EcoWaste Coalition Urges Waste Disposal Facilities and Surrounding Communities to Take Part in Earthquake Drill

environmental watchdog group urged waste disposal facilities and surrounding
communities to actively participate in the metro-wide earthquake drill this
coming Thursday.
“The participation of all sectors is essential to avoid loss of life, lessen damage
to property and reduce contamination of the environment due to earthquake-induced
shaking of the ground,” said Aileen Lucero, Coordinator, EcoWaste Coalition.  
“Landfills and other waste disposal sites and their host communities are not
exempt from the devastating effects of a strong quake and thus the need for
emergency readiness,” she said.
“We hope that disposal facilities for Metro Manila’s wastes, including those
located outside the metropolis, will take part in the MMDA-led earthquake drill
for better disaster preparedness,” she added.
Metro Manila’s wastes,  according to the
website of the National Solid Waste Management Commission.  are dumped in various sites such as the Payatas
landfill for Quezon City’s garbage; Navotas landfill, which receives waste from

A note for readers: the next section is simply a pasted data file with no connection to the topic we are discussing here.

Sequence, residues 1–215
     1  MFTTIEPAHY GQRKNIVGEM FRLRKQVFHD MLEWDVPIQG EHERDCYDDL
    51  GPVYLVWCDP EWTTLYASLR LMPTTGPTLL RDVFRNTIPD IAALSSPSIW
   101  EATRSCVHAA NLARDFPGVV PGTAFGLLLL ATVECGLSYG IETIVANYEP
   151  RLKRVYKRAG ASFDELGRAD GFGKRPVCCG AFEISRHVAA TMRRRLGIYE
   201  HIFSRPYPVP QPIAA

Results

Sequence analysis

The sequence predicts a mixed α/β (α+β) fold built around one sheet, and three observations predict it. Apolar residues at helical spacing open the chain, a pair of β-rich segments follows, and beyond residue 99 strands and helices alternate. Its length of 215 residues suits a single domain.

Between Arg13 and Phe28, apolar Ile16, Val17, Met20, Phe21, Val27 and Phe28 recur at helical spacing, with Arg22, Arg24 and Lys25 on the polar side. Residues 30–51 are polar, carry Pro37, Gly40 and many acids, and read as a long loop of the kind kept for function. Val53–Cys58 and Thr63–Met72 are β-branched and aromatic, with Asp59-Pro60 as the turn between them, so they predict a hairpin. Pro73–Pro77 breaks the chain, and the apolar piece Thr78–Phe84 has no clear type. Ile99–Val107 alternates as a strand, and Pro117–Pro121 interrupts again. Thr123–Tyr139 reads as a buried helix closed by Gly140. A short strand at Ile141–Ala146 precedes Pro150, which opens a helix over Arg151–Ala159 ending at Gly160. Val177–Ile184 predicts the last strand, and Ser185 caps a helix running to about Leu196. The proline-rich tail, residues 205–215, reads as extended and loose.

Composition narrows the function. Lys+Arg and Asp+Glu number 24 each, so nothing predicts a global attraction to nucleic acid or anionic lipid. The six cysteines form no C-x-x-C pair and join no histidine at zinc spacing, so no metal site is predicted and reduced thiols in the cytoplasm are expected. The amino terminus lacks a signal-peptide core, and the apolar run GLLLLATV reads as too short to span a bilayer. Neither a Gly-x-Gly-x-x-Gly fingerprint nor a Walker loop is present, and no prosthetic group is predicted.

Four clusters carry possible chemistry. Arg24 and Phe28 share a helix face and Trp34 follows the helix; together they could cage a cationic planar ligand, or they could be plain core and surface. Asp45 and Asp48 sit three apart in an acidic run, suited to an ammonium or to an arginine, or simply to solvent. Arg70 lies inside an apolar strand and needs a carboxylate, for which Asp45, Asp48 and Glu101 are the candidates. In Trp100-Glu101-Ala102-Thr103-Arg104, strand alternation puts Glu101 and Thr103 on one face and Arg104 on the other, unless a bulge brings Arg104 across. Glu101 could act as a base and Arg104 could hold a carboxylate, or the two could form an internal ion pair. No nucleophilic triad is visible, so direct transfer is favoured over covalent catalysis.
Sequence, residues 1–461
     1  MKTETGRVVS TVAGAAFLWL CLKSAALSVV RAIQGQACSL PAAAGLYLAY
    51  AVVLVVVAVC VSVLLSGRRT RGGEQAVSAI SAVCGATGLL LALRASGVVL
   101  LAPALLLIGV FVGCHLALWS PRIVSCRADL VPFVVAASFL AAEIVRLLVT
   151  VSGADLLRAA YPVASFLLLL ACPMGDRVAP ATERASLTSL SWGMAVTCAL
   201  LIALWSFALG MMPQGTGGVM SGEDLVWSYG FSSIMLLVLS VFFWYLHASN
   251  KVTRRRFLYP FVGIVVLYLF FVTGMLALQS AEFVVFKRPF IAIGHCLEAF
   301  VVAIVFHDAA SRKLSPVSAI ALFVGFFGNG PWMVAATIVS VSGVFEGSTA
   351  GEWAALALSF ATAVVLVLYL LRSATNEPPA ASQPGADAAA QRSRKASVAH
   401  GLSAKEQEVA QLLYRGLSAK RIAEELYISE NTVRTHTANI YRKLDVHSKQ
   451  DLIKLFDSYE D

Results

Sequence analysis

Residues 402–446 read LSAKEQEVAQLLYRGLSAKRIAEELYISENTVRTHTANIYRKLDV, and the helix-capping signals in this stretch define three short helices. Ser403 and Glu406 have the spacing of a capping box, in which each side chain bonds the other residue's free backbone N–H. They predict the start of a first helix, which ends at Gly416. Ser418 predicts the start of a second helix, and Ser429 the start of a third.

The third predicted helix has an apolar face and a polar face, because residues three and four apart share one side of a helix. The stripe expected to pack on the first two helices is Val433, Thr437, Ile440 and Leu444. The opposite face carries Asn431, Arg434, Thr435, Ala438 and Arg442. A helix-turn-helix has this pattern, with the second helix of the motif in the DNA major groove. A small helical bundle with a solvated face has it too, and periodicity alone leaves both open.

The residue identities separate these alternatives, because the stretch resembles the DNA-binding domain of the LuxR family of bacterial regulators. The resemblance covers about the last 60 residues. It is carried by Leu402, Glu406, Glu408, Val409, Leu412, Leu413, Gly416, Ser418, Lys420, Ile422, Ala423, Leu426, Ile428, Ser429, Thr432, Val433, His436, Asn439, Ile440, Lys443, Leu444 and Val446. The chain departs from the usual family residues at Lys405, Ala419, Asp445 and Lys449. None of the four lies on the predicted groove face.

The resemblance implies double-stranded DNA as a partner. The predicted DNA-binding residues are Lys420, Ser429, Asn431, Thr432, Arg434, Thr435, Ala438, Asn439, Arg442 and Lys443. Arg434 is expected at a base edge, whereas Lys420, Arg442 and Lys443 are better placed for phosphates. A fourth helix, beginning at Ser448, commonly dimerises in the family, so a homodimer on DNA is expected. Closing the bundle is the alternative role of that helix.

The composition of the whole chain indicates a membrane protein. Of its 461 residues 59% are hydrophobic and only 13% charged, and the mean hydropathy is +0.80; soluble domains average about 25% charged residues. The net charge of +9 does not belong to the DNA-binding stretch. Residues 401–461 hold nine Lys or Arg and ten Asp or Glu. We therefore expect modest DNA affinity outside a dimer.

Malabon, Manila and Navotas; and the Rizal Provincial Landfill in Rodriguez,
Rizal that serves  Caloocan, Las Piñas, Makati,
Mandaluyong, Marikina,  Muntinlupa, Parañaque,Pasay,
Pasig, Pateros, San Juan and Taguig local government units (LGUs).
Other landfills in operation or under construction in adjacent LGUs include
those in Norzagaray, Obando and San Jose del Monte in Bulacan and in Rodriguez
and San Mateo, Rizal.
A study  by the Environmental Protection
Administration of Taiwan, which like the Philippines is located in a seismic
and typhoon belt,  states that  “natural disasters inflict damages on main
structures and peripheral engineering” of  landfills.
According to the Taiwan EPA’s analysis of damages associated with 921 quake incidents,
“earthquake magnitude 5 and over can damage landfill sites that are located in
a fault or its surrounding areas.”
“Depending on the extent of damage of storage
facilities (retaining walls), collapse, crack and incline of the foundation, retaining
walls can get washed out, affecting the safety and leading to secondary
pollutions,” the study said.
“Our analysis clearly indicates that for landfill sites struck by disasters,
damages are accumulative and chain reactive; moreover, the potential hazard
factors can still exist after the landfill sites are recovered,” the study
pointed out.